Red Sox should fire Alex Cora to save face in baseball's cheating scandal

Mike Oz

There’s a good chance Alex Cora won’t be managing the Boston Red Sox in 2020 — and perhaps not ever again.

MLB Commissioner Rob Manfred announced his punishment Monday for the Houston Astros in their sign-stealing scandal and the harshest penalty yet might be looming for Cora, who was the Astros’ bench coach when the cheating scheme happened in 2017.

Cora was spared for now, as Manfred noted the league’s department of investigations was next turning its attention to sign-stealing allegations against the Boston Red Sox that surfaced last week. Those involve the 2018 season, when the Red Sox won the World Series with Cora as their first-year manager.

The Red Sox are alleged to have, according to The Athletic, used their video-replay room to decode signs and pass them along to teammates. This wasn’t as sophisticated as the Astros’ system, but it was still illegal, particularly after MLB issued a warning to teams against doing this very thing.

If the Red Sox were smart, they wouldn’t wait for MLB to finish its investigation. They’d fire Cora right away. They’d clean their hands of this mess and its implications about their 2018 World Series title. They’d do it before an MLB investigation finds anything else unscrupulous about Cora’s tenure with the team or while the attention is still on the Astros.

The Red Sox already got rid of their 2018 GM Dave Dombrowski and hired someone new. Given what we learned Monday about Cora’s role in the Astros’ cheating, starting with a clean slate is probably Boston’s best move right now. Nobody would blame the team given how MLB pointed to Cora as the mastermind.

Red Sox manager Alex Cora is still facing punishment in the Astros sign-stealing saga. (Photo by Billie Weiss/Boston Red Sox/Getty Images)
Red Sox manager Alex Cora is still facing punishment in the Astros sign-stealing saga. (Photo by Billie Weiss/Boston Red Sox/Getty Images)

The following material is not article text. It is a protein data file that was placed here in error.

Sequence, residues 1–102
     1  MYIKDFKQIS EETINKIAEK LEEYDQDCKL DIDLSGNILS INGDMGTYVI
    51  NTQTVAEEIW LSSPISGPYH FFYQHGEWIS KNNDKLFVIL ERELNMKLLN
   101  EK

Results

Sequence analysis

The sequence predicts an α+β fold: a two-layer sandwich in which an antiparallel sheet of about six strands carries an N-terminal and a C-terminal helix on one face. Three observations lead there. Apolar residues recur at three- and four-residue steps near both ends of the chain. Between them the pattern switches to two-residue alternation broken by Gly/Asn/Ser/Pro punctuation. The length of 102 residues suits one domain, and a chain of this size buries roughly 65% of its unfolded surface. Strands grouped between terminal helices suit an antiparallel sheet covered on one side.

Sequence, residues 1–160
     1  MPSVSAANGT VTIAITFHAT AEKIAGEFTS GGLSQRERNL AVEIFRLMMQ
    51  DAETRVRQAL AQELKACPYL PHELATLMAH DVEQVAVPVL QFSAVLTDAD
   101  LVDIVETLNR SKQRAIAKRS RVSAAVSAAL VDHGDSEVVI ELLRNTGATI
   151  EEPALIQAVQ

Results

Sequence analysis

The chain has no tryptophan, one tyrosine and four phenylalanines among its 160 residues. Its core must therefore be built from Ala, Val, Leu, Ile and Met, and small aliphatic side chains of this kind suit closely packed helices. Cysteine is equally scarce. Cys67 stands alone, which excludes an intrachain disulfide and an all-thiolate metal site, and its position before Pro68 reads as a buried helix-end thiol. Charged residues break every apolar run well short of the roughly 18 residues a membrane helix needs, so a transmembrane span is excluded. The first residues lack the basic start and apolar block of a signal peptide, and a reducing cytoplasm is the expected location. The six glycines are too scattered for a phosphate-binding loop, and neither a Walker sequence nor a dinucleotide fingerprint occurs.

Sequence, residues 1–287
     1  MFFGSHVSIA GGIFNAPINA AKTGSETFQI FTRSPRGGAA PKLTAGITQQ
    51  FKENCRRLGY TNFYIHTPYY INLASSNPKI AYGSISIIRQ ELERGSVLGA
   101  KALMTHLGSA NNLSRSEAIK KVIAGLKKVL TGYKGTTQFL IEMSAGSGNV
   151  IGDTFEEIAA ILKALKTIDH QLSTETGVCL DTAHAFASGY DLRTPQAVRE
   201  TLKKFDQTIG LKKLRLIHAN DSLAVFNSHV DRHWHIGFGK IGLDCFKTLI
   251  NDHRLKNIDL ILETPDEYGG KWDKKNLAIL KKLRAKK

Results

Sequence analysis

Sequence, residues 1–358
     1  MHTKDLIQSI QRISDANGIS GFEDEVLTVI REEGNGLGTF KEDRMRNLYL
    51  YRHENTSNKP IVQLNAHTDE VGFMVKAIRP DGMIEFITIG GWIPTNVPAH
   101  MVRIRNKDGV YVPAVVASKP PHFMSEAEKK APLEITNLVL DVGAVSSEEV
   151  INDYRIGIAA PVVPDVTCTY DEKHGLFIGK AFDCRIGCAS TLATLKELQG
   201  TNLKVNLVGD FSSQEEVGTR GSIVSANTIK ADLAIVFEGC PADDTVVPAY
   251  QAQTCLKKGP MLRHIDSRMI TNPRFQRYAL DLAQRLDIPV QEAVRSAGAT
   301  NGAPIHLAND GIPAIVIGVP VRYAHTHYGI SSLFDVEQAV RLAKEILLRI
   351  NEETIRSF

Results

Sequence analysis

In Monday’s ruling on the Astros, MLB suspended GM Jeff Luhnow and manager A.J. Hinch each for the 2020 season. Not long after, Astros owner Jim Crane upped the ante and fired both of them. Here’s the rub, though: MLB’s investigation didn’t explicitly implicate Luhnow or Hinch as being the mastermind of the sign-stealing scheme.

Luhnow maintained to MLB investigators that he didn’t know about it. Hinch admitted that he knew about it and took steps to discourage it (like smashing the monitor players used to watch illegal video of opposing teams’ sign), but he never actually put a stop to it.

But you know who was mentioned the most in MLB’s investigation? Alex Cora.

In Manfred’s statement — which totaled nine pages after three months and 68 witness interviews, plus review of thousands of emails and Slack conversations — Cora’s name appears 11 times.

According to MLB’s investigation, Cora was involved in the sign-stealing scheme from the beginning. It was Cora who arranged for a monitor to be installed near the Astros dugout showing a feed of a center field camera that players could use to watch opposing teams’ signs. And it was Cora who helped develop the famous signal, banging on a trash can to signal batters that a breaking ball was coming.

After all those hours of investigating, MLB believes that the scheme was “with the exception of Cora, player-driven and player-executed” — said another way, he was the only person in a position of authority directly involved in what was going on.

When Luhnow issued a statement Monday afternoon, there were two notable parts. First, he said adamantly, “I am not a cheater.” Then, he pointed the finger at Cora:

“The video decoding of signs originated and was executed by lower-level employees working with the bench coach.”

That’s not just Luhnow throwing Cora under the bus to save himself. It’s actually pretty close to MLB’s conclusion about Cora, in which Manfred said:

“Cora was involved in developing both the banging scheme and utilizing the replay review room to decode and transmit signs. Cora participated in both schemes, and through his active participation, implicitly condoned the players’ conduct.”

Considering Hinch got suspended for a season by MLB, that would seem to be the starting point for a Cora suspension based on what’s in the Astros report. But if you combine whatever punishment is awaiting Cora after a Red Sox investigation, it stands to be much more.

Which is why there’s one alternative that makes sense for the Red Sox: Fire Alex Cora.

Astros ownership already set the precedent. If the Red Sox try to stick by him now and hope for the best in their own investigation, things could get even worse.


Mike Oz is a writer for Yahoo Sports. Have a tip? Email him at or follow him on Twitter! Follow @mikeoz

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